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Exploring Caribbean Folklore

Once on This Island is an enchanting musical fairy tale that takes place on a Caribbean island called “the jewel of the Antilles.” In the opening scene, a group of people huddle together in the middle of a terrible storm. To soothe each other’s fears, they begin to tell the story of Ti Moune — a peasant girl who tempted the will of the gods in order to save the boy she loves. Through joyous lyrics, spirited movement and an uplifting score, Once on This Island pays homage to the cherished tradition of storytelling in the West Indies.

Whether it’s sharing stories around the dinner table or making an extravagant show of a well-known tale, storytelling is integral to Caribbean cultural identity. Stories carry lessons of cultural and social value, tell various chapters of shared history, and entertain through an immersive communal experience. Listeners may have often heard different variations of the same tale, but even still, the speaker is expected to play up their story through song, dance and different forms of theatricality.

The story of Ti Moune may be fictional (in fact a retelling of Hans Christian Andersen’s The Little Mermaid), but Caribbean and West Indie culture have a seemingly endless amount of folklore to explore.

The cast of Once on This Island. Photo by Mikki Schaffner.


One of the most common parts of Caribbean folklore is the duppy (also called jumbie), which means ghost or spirit. They’re generally considered malevolent spirits that wreak havoc on humans, whether it’s an everyday irritation or a significant, life-changing event. However, some believe that not all duppies are evil in nature and may in fact contain important meaning for whomever they’re haunting. Like the ghosts of North American ideology, duppies represent the souls and spirits that are stuck between the worlds of the living and the dead. Various superstitions are followed to deflect or ward off duppies.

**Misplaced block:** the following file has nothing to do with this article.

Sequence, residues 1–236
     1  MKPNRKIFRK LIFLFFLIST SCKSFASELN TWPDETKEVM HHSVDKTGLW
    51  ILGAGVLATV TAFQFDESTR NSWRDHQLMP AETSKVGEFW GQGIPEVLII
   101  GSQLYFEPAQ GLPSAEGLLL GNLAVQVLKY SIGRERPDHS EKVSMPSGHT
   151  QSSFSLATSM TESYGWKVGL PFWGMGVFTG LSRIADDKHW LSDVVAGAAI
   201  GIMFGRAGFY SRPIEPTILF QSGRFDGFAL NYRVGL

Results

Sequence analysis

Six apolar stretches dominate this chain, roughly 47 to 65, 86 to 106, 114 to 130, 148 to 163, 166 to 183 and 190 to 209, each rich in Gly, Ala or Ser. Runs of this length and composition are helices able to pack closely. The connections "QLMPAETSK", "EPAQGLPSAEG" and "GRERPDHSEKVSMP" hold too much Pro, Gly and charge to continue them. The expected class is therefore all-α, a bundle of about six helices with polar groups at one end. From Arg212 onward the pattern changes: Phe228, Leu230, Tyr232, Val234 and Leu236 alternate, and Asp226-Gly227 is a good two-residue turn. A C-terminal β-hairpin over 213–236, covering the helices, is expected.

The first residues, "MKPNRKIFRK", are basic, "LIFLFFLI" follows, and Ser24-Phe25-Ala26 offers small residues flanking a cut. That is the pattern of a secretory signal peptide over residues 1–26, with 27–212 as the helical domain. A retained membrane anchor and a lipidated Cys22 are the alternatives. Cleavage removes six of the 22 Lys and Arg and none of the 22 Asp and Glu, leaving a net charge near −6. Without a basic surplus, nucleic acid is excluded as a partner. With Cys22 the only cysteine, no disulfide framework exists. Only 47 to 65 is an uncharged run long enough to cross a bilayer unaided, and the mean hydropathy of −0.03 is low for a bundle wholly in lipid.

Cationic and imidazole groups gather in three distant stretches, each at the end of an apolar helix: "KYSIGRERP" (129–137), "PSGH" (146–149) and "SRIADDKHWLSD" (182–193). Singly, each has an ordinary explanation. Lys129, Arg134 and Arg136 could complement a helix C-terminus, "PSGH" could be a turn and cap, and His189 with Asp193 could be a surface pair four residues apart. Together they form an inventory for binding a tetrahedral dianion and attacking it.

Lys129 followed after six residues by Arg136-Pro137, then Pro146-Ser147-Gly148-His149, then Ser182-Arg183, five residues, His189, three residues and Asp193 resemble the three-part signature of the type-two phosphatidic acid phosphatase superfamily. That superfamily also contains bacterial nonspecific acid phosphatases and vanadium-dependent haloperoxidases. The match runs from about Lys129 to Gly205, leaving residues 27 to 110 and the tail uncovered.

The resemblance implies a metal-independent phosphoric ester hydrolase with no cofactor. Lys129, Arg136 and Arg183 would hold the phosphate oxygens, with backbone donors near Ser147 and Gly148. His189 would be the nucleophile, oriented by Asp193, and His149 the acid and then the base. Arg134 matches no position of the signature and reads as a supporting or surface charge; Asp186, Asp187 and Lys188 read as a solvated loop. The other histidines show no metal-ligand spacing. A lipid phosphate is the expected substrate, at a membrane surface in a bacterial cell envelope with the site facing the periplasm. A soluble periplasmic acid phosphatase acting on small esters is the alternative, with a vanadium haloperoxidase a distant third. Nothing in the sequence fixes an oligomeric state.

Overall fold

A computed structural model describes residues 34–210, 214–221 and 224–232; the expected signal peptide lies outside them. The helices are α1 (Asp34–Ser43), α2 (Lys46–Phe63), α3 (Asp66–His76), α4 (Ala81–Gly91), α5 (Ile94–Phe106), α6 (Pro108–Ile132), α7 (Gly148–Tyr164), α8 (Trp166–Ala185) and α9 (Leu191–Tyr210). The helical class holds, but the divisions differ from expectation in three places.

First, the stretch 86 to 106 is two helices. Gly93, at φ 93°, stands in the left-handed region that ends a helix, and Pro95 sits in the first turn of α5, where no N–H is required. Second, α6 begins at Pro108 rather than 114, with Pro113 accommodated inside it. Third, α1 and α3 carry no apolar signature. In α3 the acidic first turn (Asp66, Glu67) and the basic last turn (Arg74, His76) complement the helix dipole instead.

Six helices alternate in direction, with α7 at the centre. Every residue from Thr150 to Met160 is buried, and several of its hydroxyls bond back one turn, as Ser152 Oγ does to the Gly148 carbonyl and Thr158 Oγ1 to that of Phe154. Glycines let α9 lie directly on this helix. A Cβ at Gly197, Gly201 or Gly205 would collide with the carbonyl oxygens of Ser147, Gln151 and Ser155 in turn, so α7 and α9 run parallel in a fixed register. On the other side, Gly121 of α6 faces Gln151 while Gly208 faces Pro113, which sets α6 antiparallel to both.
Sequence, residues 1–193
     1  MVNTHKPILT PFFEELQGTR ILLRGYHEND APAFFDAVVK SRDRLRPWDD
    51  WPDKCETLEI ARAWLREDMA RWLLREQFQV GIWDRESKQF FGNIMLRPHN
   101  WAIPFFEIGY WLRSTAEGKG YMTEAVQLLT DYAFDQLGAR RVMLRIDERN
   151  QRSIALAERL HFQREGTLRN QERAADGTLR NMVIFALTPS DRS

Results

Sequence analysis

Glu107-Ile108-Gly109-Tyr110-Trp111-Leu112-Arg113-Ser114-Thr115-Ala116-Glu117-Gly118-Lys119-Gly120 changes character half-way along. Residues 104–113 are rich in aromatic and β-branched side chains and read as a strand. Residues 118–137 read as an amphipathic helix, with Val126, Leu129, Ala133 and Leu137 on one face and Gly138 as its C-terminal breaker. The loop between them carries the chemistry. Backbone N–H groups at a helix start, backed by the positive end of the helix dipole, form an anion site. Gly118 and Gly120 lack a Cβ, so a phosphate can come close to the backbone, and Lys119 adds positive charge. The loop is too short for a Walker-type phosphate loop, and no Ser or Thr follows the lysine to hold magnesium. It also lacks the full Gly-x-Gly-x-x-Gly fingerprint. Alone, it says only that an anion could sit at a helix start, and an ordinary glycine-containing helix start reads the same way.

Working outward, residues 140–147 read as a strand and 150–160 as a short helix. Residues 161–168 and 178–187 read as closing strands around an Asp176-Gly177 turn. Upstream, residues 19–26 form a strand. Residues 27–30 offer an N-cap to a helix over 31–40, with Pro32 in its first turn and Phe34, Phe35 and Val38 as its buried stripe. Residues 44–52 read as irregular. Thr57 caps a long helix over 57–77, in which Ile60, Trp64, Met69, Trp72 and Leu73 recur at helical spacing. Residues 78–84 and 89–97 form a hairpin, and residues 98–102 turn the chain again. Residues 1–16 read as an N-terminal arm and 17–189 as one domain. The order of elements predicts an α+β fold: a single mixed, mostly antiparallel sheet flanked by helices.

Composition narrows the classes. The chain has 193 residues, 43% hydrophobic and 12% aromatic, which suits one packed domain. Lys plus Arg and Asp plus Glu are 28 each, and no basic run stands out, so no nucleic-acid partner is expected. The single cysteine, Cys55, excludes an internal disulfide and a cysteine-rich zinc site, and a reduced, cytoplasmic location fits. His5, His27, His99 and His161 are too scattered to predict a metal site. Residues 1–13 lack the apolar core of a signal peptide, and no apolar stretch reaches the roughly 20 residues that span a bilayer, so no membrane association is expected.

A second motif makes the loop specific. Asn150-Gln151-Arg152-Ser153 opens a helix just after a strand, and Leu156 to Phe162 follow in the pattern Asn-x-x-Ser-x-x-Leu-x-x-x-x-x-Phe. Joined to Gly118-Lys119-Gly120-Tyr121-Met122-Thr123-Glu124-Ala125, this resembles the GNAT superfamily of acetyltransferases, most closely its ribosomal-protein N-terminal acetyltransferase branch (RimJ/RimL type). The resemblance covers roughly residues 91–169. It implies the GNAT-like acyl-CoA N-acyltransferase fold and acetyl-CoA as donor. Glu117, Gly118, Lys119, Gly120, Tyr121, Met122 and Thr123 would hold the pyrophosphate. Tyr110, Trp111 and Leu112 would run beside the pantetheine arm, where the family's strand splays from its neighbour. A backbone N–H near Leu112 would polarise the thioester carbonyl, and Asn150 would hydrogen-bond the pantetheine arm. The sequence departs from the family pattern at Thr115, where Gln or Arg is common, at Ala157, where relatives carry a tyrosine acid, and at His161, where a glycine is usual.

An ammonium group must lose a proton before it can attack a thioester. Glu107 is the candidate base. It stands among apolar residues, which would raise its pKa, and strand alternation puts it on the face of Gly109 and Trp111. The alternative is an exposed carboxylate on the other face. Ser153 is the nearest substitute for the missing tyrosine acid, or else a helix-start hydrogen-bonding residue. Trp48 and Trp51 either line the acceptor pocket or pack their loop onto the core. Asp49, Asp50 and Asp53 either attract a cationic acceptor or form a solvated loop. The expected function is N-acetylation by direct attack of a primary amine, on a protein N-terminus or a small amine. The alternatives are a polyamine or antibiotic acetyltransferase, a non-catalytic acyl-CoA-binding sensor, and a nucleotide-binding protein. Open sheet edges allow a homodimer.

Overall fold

Perhaps more than any other figure in Caribbean folklore, Anansi is most widely known. Many different ethnic groups are familiar with Anansi stories (also called Nancy stories), though their origin lies in West Africa. Anansi means spider, derived from the Ashanti culture of Ghana, and he is a clever, quick-witted trickster who enjoys playing mind games on humans. He is considered the “king of stories” who has a great depth of knowledge and wisdom but has no tolerance for boredom. If one wanted to call upon spirits to help them tell a tale in a truly entertaining way, they would want to summon Anansi by offering him treats, smokes and liquor.

Ti Moune (Lauren Chanel) and Agwe (Allan K. Washington, background) in Once on This Island. Photo by Mikki Schaffner.


Mami Wata is a highly regarded spirit whose name means “Mother Water.” She has African-Atlantic origins, and she symbolizes the many sacred and spiritual qualities of water. Often considered a divine element, water represents the mysterious connection of life in the natural world and the spirits of the afterlife. As such, Mami Wata as a spiritual symbol carries many stories and meanings. She is both beautiful and fiercely protective, seductive and dangerous, and generous and vengeful. She often appears with the torso of a woman and the tail of a fish, and sometimes adorned with a snake.